I’m proud to live in a state that is prioritizing honest, age-appropriate and medically-accurate information, so I strongly support Senate Bill 5395, the new sex ed bill, that recently passed the Washington Legislature. As a parent and sex ed teacher, I know firsthand how badly our kids are being failed by the current inconsistent standards. I’ve had high schoolers come to class who don’t know the names of body parts. I’ve had kids swear that the “little pill” inside of pregnancy tests is Plan B – it’s not, it’s a desiccant like silica gel that can be toxic if ingested. And I’ve had kids ask if what they’ve experienced was sexual assault – and usually, the answer was yes. Comprehensive sex ed is not just about condoms and STIs. It’s about making healthy decisions, social and emotional learning, setting and sticking to boundaries, and healthy relationships. For many young people, these classes will be the first time they’ve had conversations about intimate partner violence or coercion. Given our statistics, how can we afford not to have these conversations? According to the CDC, 1 in 4 girls and 1 in 13 boys will be sexually abused before the age of 18, and 90% of the time the abuser is someone the child knows. This is a public health crisis and it impacts a lifetime.
To date, the story of the lower Snake River has been defined by divisions. But this week marked a shift from the old paradigm toward a future defined by shared vision and collaboration. We should know. We were part of both.
Spokane County has a legacy of innovation in oral health care that extends over a quarter of a century. This legacy has benefited all of Washington and has been an influence for good across the country. We have a story that needs to be expanded until preventable dental disease is completely eradicated. In 1995, local dentists and physicians decided to work together with the University of Washington to address the high rate of dental decay in young children, especially among low-income families in which the problem was most prevalent and access to care most limited.
Hungry kids can’t learn. That’s an easy concept to understand. I know my productivity goes down when I skip breakfast or work through my lunch break. It’s no different for children in the classroom.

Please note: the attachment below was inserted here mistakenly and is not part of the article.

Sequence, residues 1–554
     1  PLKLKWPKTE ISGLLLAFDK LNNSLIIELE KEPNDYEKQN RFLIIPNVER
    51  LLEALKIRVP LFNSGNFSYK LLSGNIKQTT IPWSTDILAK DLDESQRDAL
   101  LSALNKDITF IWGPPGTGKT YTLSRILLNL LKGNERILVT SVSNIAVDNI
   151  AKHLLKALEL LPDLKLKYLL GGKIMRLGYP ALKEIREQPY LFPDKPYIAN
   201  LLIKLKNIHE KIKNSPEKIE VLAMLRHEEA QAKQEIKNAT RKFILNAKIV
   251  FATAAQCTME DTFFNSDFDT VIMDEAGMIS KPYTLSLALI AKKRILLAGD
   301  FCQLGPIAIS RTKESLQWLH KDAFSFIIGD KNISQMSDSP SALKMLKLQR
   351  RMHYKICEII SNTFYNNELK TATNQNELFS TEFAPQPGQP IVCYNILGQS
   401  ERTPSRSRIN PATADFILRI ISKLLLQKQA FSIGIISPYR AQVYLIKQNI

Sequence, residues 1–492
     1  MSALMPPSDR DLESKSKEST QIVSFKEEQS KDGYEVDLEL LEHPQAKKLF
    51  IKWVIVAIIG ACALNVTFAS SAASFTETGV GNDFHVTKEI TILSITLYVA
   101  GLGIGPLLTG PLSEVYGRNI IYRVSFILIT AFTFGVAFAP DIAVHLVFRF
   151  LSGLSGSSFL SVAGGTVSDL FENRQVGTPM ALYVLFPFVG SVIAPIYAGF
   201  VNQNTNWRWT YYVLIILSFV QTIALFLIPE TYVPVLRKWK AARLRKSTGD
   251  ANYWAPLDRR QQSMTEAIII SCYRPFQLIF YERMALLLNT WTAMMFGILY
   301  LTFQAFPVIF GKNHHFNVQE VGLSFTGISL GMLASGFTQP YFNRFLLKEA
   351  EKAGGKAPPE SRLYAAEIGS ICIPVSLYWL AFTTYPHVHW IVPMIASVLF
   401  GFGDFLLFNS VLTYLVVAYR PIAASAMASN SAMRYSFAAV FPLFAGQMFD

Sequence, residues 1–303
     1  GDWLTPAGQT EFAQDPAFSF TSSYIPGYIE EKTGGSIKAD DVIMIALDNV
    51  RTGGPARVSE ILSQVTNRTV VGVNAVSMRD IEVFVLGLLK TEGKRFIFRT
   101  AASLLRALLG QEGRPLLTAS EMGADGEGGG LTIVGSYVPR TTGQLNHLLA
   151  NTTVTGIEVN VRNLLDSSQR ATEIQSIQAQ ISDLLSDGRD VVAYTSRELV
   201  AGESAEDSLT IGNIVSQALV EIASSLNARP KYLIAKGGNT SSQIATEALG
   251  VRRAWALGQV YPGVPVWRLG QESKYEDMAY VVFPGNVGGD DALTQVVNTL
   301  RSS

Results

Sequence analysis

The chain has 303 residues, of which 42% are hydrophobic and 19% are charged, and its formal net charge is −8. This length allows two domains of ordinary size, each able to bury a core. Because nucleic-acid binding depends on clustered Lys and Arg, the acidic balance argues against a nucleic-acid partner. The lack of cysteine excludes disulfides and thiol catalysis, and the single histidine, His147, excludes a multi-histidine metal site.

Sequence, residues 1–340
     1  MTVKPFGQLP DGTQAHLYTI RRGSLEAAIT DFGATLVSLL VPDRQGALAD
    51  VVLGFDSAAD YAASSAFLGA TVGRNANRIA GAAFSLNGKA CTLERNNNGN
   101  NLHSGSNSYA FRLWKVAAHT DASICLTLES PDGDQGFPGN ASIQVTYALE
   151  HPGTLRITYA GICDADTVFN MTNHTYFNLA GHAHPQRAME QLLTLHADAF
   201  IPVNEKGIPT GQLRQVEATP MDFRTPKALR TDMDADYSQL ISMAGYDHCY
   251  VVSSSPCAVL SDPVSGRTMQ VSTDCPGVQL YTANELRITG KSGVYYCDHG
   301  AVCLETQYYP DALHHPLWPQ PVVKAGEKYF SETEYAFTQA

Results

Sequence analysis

With a health epidemic of global proportions, self-quarantines and restaurant closings for undisclosed amounts of time, the urgency for a national paid leave policy is upon us... but how it should be paid for will determine if the restaurants providing it will survive beyond COVID-19 to bring back those employees.
I am urging the governor to sign a trio of transformative community supervision reform bills that are good for communities, good for taxpayers and critical to making communities safer.
It is well past time to stop adding unnecessary barriers, and give ALL children with disabilities the support they need to thrive and fulfill their potential.
Domestic violence is a prevalent problem that deeply affects families, children and communities. Housing accessibility is a growing concern across the state. When these two issues meet, it can be difficult to navigate the intricacies of both systems.
Let’s be honest. The term Independent Medical Examination is a euphemistic moniker by insurance defense interests to lend legitimacy to a high volume, highly biased, niche medical industry designed to benefit insurance companies and state agencies, not injured workers.
Instead of allowing too many trees to fuel the next megafire and release carbon and unhealthy smoke into the air, let’s put them to work storing carbon in our buildings and growing our housing stock.